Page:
Helena Morrissey is a remarkable person. She is one of the most successful women working in the City, has been named one of Fortune Magazine’s 50 greatest leaders and has still found time to have nine children. She has also just written a timely book, A Good Time to Be a Girl, in which she makes a compelling case for more diversity in the workplace. But I was struck by one key piece of advice she had for women, which was to marry the right person. Helena married Richard, who was more than happy to stay at home looking after all the kids, which allowed her to pursue her career. It made me wonder if Helena would think my wife had married the right partner. We both had jobs we enjoyed and neither of us wanted to – nor could afford to – stop working. So when the kids were young we were totally at the mercy of childminders. Mostly we muddled through, but occasionally they phoned in ill and then we went into meltdown over who had the busiest day, who could spare the time to be late by taking the kids to school and who would organise another parent to pick them up at the end of the day. Helena’s husband went on to train to be a Buddhist monk in his spare time. I can see why.
Cheddar Man turns out to have been black, with blue eyes and curly hair, and ended up in Somerset via a circuitous route through Europe from the Middle East. The story has been a gift for those who have always believed Englishness to have been an amalgam of many different cultures and nationalities and so far the more rabid, anti-immigration Brexiters have not come up with an explanation as to why the earliest modern Brits weren’t white Aryans as had previously been supposed. But it can’t be long before a new narrative emerges. Cheddar Man will turn out to have been an aberration. An illegal immigrant who smuggled his way into the country from Calais by hiding in the fur of a woolly mammoth and then holed up in Cheddar Gorge, trying to steer clear of Home Office patrols in freezing-cold caves, before coming to an untimely end after being hit on the head by a piece of flying cheese.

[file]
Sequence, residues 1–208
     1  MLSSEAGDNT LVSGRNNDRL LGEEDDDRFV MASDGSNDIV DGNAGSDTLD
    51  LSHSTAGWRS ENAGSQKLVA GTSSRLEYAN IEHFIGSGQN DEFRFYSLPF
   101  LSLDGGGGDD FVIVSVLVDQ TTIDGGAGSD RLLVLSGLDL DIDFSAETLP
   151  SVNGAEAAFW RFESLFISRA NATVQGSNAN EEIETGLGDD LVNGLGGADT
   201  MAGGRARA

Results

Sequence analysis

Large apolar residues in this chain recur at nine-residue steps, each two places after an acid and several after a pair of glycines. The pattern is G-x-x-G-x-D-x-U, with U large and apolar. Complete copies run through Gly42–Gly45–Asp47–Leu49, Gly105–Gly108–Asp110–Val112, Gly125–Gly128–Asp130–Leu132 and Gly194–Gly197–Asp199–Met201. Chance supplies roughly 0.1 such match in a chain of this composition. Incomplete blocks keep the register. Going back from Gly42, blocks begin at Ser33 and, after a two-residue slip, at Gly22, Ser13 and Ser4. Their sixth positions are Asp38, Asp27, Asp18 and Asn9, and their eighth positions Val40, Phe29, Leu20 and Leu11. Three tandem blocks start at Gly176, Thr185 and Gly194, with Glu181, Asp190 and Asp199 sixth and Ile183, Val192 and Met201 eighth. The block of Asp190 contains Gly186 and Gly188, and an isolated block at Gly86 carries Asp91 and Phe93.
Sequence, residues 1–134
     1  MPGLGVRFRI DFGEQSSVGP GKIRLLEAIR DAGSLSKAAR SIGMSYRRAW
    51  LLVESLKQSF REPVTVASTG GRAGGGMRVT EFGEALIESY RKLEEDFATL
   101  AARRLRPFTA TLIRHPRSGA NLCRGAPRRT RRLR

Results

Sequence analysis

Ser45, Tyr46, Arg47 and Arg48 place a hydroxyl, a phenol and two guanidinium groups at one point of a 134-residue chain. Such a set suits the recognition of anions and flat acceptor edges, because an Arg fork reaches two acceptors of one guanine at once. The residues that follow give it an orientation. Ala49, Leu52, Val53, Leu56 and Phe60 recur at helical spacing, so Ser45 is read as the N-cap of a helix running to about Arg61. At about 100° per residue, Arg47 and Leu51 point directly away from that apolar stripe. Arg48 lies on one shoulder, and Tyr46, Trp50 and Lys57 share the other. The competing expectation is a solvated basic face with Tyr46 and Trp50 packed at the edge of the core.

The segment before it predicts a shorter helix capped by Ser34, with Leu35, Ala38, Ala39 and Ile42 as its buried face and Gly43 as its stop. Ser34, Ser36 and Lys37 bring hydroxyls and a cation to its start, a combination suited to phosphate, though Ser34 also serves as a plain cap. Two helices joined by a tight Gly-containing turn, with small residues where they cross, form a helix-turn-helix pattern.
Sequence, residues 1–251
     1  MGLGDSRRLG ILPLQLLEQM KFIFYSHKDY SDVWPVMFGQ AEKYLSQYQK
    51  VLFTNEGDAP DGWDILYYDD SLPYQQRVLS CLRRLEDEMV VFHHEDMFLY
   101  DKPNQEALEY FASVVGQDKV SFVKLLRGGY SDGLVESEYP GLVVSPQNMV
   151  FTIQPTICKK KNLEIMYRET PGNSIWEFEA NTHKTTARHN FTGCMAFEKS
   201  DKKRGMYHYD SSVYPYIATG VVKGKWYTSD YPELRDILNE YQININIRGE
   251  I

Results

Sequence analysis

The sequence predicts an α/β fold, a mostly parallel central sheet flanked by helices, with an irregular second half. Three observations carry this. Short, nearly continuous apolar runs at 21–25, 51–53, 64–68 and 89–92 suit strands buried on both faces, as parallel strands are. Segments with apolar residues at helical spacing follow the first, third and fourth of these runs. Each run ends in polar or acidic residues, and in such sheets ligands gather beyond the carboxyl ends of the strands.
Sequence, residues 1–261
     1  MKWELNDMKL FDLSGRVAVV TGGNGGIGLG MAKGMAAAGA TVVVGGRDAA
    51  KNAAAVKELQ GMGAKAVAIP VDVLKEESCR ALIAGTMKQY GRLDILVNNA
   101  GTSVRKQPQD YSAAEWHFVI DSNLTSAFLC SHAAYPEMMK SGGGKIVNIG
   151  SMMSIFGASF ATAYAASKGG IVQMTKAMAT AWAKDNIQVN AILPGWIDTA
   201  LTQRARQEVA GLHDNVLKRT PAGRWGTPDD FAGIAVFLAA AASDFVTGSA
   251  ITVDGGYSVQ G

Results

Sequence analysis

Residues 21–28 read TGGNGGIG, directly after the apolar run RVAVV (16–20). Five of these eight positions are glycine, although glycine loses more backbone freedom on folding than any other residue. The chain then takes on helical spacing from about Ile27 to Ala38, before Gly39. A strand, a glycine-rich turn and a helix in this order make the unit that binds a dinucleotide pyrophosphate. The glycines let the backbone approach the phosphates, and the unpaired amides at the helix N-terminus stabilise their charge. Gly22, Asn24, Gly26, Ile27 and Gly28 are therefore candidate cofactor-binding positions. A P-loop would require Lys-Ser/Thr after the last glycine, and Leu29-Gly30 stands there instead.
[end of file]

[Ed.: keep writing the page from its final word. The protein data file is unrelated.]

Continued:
A billionaire is entitled to spend his money how he chooses. But I can’t help feeling Elon Musk could have come up with something rather more useful than sending one of his Tesla cars, with an astronaut suit in the driving seat and David Bowie’s Life on Mars playing on a loop, into space as the first payload for his Falcon Heavy rocket. If there is life out there, it’s asking a lot of them to have the sort of sense of humour that finds coming across a car in space amusing. More likely, they would imagine humans to be a bit weird and decide to give us a wide berth. But I can’t judge Musk too harshly as I am thrilled that serious space exploration is back on the agenda. When I was a child I was captivated by Nasa’s Apollo missions to the moon and kept scrapbooks of photos and newspaper cuttings of every one. There was something about the hope and audacity of the vision that transcended much of the depressing nature of the day-to-day news. I could do with some of that right now. So even if there’s nothing much to find, I am very happy for Musk to go looking for it.
What has now been seen cannot be unseen. Footage of President Trump boarding a plane has gone viral as his usually well-glued hair was blown out of place by the wind to reveal he is practically bald. It was a horror show and as an image of vanity exposed, it could not have been bettered. And yet part of me felt some sympathy for the president, not something I had previously experienced. Most of the time I don’t really give too much thought to the fact that I am – to all intents and purposes – bald. I try not to look at myself in mirrors and keep the few hairs that are still hanging on in there to a number one cut. If there’s one thing worse than being bald it’s being tufty and bald. But there’s no getting away from the fact that, deep down, I do mind being bald. Given the choice I would much rather still have hair and can’t quite forgive it for having fallen out. So in some ways, Trump and I are on the same spectrum of denial.
Like many people, I’ve often been held up in long traffic jams near Stonehenge on the A303 and wished there was an alternative route, but boring a concrete tunnel through a Unesco world heritage site, which is the Department for Transport’s preferred option in proposals published this week, doesn’t really seem to be a sensible solution. For one thing, Chris Grayling has never knowingly been right about anything; for another, it sets a dangerous precedent. Before we know it we will be knocking down bits of Hadrian’s Wall that are in the way or turning Kew Gardens into a building site for luxury flats that will permanently be left empty. And that’s merely the start. The tunnel will also destroy the local water tables and take out the important archaeological site of Blick Mead – an ancient spring around which signs of human habitation going back 12,000 years have been discovered. Excavation at Blick Mead is still ongoing so we won’t even know what we’ve lost if the tunnel is built. So why not just build an ordinary bypass that will cause less disruption and can at least be grassed over at some point in the future?
Digested week digested: The Brexit war cabinet: still at war with itself.